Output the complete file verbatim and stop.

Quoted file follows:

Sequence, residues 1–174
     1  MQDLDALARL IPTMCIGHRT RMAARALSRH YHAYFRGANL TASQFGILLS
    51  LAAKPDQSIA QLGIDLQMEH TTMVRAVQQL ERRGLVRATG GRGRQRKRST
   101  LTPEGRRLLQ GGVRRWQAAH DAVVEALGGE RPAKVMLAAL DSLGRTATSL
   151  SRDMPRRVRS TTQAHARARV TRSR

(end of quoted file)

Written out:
Sequence, residues 1–174
     1  MQDLDALARL IPTMCIGHRT RMAARALSRH YHAYFRGANL TASQFGILLS
    51  LAAKPDQSIA QLGIDLQMEH TTMVRAVQQL ERRGLVRATG GRGRQRKRST
   101  LTPEGRRLLQ GGVRRWQAAH DAVVEALGGE RPAKVMLAAL DSLGRTATSL
   151  SRDMPRRVRS TTQAHARARV TRSR